Pessimism is a luxury I can no longer afford, as I’ve said. And one of the surprising benefits of my diagnosis is how thoroughly it has changed me from a brooding, darkness-seeking, romanticizer of suffering, into a live-every-moment-in-gratitude, celebrate-the-small-stuff, Pollyanna evangelist. People scratch their heads when I tell them that I am happier now than I have ever been. I scratch my own head. Perhaps it’s a self-fulfilling proposition: I am happier now because I have committed to being happy, not in what James Baldwin called “the infantile American sense of being made happy,” but in the laying down of old grievances, and petty burdens, and in the attuning to what, simply, is. The turkeys outside my window. The wind fanning through the cottonwoods. My breath. My heartbeat. Invoking gratitude and attention, instead of distraction and annoyance. Maybe committing to happiness is something I could never have done within a theoretical timeline of thirty more years, whereas a few years seems manageable.

            I think about the girl in the crawlspace, poised between light and dark, with her mother’s pills and her Jack Purcells. With my newfound benevolence, can I not forgive her her self-aggrandizement, her frothy adolescent angst? And the 30-something woman, leaning against the wall. Is there a way to feel some compassion for her yearning after something bigger, for something more remarkable in her life?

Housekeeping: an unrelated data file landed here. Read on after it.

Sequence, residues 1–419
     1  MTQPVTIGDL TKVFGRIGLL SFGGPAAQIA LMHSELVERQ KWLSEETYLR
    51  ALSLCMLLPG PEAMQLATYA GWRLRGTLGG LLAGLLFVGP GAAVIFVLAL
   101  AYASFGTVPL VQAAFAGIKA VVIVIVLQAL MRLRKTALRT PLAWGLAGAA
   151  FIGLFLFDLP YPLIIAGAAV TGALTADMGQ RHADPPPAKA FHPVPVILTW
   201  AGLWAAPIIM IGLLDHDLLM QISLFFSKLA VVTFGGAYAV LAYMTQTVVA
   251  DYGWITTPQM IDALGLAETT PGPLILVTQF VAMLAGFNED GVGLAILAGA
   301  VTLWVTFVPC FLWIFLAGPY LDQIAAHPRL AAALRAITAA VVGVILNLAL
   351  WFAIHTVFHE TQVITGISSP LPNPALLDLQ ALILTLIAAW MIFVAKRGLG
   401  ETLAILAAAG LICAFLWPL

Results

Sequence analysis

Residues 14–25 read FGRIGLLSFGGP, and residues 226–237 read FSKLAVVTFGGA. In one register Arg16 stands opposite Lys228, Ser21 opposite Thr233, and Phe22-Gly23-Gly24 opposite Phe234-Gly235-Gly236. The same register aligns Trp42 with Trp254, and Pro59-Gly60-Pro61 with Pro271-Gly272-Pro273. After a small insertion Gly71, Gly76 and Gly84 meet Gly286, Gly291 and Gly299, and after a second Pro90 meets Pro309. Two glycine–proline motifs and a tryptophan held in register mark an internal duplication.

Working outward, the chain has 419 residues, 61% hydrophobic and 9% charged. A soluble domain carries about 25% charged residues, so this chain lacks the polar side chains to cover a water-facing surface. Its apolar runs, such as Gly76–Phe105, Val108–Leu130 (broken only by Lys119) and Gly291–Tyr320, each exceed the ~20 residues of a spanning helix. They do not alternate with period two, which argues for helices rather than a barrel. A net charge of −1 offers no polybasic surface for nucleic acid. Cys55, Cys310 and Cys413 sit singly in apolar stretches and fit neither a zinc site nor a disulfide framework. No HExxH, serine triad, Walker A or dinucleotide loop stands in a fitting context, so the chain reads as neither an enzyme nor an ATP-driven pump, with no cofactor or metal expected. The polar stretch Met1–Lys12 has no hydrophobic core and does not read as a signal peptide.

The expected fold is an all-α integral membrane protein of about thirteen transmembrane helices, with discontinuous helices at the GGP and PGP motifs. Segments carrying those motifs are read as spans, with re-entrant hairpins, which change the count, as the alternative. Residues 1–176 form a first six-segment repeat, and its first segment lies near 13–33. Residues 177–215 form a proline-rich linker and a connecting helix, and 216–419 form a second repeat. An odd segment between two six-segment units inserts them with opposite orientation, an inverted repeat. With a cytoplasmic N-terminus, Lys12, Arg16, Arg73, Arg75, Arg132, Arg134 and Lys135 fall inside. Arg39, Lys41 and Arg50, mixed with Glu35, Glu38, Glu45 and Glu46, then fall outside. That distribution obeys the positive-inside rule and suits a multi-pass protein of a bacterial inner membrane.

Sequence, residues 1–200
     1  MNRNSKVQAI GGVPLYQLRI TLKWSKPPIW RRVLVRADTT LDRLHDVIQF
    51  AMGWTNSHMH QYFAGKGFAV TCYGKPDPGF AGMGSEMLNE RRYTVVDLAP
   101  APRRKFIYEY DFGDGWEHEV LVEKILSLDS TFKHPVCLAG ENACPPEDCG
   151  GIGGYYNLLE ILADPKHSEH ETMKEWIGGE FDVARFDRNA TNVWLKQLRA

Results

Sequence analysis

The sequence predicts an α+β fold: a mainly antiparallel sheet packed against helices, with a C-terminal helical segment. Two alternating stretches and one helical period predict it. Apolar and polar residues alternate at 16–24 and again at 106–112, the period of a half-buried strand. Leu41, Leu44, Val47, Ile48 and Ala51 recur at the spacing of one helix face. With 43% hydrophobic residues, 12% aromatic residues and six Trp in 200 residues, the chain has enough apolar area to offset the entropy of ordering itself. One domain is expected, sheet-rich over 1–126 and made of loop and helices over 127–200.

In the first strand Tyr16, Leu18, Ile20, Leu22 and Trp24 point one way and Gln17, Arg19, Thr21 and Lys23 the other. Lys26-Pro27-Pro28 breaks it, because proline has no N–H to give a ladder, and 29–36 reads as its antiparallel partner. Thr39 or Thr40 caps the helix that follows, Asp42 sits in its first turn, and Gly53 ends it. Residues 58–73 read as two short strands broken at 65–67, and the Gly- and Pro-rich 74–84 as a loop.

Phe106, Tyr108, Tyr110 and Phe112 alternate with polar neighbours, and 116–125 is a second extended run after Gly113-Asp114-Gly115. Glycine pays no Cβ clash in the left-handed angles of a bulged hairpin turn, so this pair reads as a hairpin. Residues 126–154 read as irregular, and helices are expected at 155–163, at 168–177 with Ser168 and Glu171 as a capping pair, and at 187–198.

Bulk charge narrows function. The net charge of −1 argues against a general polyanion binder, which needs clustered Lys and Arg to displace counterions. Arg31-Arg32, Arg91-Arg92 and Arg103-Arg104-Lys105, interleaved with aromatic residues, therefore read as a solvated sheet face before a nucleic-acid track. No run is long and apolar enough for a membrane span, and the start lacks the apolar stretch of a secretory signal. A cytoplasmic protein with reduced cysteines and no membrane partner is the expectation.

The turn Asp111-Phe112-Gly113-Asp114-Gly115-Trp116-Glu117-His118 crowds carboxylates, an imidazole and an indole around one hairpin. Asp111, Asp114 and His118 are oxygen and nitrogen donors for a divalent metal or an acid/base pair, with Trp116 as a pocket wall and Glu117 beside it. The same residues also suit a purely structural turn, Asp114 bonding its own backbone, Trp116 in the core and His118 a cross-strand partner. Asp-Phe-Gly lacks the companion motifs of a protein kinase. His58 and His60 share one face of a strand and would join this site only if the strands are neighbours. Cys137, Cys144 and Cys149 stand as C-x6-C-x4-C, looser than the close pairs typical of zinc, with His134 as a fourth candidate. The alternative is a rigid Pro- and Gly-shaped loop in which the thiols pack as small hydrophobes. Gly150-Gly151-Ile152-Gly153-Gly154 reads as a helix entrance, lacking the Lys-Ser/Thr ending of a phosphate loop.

I think there is. For, if I can no longer feel the pain of being a fourteen-year-old—a gawky, gangly, Asian fourteen-year-old, at that—if I compare it to the hierarchy of all human suffering, and find it rates low on the scale, it doesn’t mean the pain was any less acutely perceived. And when Buddha said, life is suffering, he meant mostly the suffering we inflict on ourselves, by our desires and attachments, so the suffering in my 30s, as self-imposed as it may have been, was no less suffering.

            This is an intellectual exercise in compassion, though, not the thing itself. There is still a part of me that is angry at these former selves for wasting my time with their sniveling, their punk-ass first world problems, (not that my situation with cancer is not itself a first-world problem; me with my health insurance, my resources, my top-notch medical care). I am not a Christian, so I cannot so definitively draw the line between sin and sin-no-more. What has it cost me to have spent so much of my life lost, flailing, feeling sorry for myself? Is my happiness now, in spite of my past, or is it the result of it? These are the questions I have yet to resolve. I seek synthesis, a gathering up of selves into a singular identity, some definitive, knowable whole, that I can then put to bed. It feels important to me, but also difficult. There is so much I wish to disavow. I carry these past lives around with me like bad pennies, unable to spend them, but equally unable to slough them off. They are entitled to their suffering, but are they entitled to me?